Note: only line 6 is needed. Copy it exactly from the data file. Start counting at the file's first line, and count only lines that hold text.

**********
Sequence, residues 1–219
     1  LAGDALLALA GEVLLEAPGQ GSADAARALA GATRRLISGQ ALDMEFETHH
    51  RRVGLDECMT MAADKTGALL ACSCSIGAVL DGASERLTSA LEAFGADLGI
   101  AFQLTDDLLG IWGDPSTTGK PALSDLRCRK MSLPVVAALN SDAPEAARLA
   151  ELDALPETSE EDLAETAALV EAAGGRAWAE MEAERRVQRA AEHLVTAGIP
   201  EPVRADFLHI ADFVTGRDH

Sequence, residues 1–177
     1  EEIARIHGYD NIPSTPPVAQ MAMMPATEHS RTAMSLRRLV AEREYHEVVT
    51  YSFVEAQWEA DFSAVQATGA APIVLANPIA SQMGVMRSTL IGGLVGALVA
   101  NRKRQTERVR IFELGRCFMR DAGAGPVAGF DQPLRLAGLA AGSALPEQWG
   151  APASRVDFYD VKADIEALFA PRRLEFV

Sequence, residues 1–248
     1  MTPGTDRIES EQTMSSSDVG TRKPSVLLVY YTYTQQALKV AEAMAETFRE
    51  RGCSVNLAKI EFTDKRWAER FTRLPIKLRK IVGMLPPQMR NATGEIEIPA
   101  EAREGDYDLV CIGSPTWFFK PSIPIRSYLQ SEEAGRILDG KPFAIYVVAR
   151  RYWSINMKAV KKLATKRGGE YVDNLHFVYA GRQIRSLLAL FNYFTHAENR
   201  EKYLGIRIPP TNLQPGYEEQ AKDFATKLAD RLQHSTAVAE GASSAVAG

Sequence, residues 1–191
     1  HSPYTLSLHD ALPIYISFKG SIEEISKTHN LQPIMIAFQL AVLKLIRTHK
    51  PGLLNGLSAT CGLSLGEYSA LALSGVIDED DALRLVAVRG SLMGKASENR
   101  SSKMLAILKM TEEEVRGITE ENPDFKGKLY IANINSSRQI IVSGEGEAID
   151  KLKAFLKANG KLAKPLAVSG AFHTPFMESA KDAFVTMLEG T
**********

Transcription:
   201  EPVRADFLHI ADFVTGRDH